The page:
New England Newspapers
Prompted by a push from local businesses across the state, Gov. Deval Patrick may soon require retail giant Amazon.com Inc. to start collecting sales tax on orders in Massachusetts.
For buyers here, the move would effectively raise the cost of Amazon purchases 6.25 percent, the state sales tax rate.
Area consumers have expressed mixed feelings about the prospect of paying more online, but local businesses say the change would boost the local economy by making it easier for them to compete with the online discounter.
"With a lot of our products, we are very competitive with Amazon.com, but the incentive [for consumers] to not pay sales tax on major purchases, that puts a hurting on the local businesses," said Kim Taglieri, who with her husband, Tom, owns Alliance Appliance on Fenn Street in Pittsfield. "I definitely think they should have to collect the sales tax. If we have to do it, so should they."
The debate is an old one, but talk over whether Amazon should have to collect Massachusetts taxes was resurrected earlier this month after the company bought a Cambridge technology firm and opened an office there. By law, retailers are supposed to collect taxes if they have a physical presence in the state.
In response, the Retailers Association of Massachusetts sent a letter to Patrick asking him to force Amazon to pay the taxes
"We think it’s pretty clear cut that they need to start collecting," said Bill Rennie, the vice president of the association. "We don’t think people are going to stop shopping online, but you want to remove that incentive to avoid the sales tax.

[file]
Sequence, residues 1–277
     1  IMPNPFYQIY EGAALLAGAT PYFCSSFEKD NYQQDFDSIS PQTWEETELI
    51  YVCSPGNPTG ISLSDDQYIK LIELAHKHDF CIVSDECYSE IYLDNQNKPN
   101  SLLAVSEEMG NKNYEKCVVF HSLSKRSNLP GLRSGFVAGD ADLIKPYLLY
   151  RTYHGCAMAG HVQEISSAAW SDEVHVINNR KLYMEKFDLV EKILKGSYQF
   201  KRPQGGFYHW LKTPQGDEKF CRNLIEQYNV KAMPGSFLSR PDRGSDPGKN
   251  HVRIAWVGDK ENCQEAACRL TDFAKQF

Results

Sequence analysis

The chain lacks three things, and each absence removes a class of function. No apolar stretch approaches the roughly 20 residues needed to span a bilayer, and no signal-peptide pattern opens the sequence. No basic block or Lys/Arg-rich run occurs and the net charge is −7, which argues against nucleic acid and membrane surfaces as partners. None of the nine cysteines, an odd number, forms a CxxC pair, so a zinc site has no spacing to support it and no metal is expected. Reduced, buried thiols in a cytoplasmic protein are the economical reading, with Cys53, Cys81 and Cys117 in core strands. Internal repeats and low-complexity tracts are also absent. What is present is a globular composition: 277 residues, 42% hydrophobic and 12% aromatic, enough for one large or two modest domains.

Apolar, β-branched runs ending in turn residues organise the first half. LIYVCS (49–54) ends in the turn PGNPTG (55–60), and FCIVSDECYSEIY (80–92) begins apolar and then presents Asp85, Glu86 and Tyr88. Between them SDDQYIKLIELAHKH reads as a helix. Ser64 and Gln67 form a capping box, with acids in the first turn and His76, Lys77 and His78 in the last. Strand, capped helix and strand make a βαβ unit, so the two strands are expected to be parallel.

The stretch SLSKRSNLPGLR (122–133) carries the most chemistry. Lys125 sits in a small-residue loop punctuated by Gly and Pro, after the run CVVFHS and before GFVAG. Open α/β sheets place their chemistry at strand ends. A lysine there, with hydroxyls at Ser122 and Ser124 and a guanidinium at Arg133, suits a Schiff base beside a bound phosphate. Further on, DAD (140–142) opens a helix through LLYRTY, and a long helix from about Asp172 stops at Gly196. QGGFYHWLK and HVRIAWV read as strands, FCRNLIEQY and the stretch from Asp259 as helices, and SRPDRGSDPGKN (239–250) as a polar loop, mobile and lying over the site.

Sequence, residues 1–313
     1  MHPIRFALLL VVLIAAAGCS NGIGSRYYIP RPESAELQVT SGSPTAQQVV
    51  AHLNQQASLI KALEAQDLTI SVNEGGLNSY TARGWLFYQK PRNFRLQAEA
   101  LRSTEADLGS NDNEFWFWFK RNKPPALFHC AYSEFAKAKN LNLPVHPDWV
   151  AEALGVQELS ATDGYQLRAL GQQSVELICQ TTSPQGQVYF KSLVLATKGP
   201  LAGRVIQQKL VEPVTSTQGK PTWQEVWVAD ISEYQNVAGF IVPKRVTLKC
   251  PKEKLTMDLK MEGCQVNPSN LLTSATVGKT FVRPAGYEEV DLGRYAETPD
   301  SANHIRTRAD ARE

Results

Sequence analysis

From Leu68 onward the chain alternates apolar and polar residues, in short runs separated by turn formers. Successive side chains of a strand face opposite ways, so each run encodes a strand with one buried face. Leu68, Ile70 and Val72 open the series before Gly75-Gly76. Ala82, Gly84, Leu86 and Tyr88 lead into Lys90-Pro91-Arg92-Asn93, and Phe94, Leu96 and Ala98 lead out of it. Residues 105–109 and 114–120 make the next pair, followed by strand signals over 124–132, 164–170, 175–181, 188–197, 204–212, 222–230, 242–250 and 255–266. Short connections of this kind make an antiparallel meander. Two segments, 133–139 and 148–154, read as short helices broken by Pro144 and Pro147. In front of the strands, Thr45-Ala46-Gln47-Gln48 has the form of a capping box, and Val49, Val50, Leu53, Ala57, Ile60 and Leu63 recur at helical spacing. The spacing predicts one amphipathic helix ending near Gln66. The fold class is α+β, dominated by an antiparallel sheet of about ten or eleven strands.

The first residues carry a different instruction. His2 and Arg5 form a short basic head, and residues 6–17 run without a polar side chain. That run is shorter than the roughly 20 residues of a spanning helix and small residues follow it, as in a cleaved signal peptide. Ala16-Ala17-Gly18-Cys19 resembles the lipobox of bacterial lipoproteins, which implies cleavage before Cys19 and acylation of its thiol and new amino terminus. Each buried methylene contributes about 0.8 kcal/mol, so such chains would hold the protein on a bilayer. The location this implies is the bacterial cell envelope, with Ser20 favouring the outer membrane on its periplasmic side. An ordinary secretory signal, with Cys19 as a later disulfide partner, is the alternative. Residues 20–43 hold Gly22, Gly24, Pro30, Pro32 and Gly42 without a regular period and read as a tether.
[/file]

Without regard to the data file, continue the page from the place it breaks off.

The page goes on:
"We’re happy to compete, but we can’t when state tax policy puts us at a 6.25 percent disadvantage."
Amazon didn’t respond to a request for comment, but Rennie said the company’s attorneys are arguing that Amazon is structured in such a way that it is exempt from the requirements.
The company has agreed to start collecting taxes in states where it has distribution centers, including New Jersey, Indiana, Nevada, South Carolina, Ten nessee and Virginia.
The Boston Globe has reported that implementing the tax could raise as much as $45 million in annual revenue for the state.
Patrick’s office wouldn’t comment on the issue, citing state law that protects taxpayer confidentiality. But according to The Globe, unnamed sources within the administration said Patrick wants to begin talks with Amazon, though no time line for implementing the tax has been set.
Patrick has also sent a letter to federal lawmakers supporting pending legislation that would authorize states to collect sales tax from online retailers.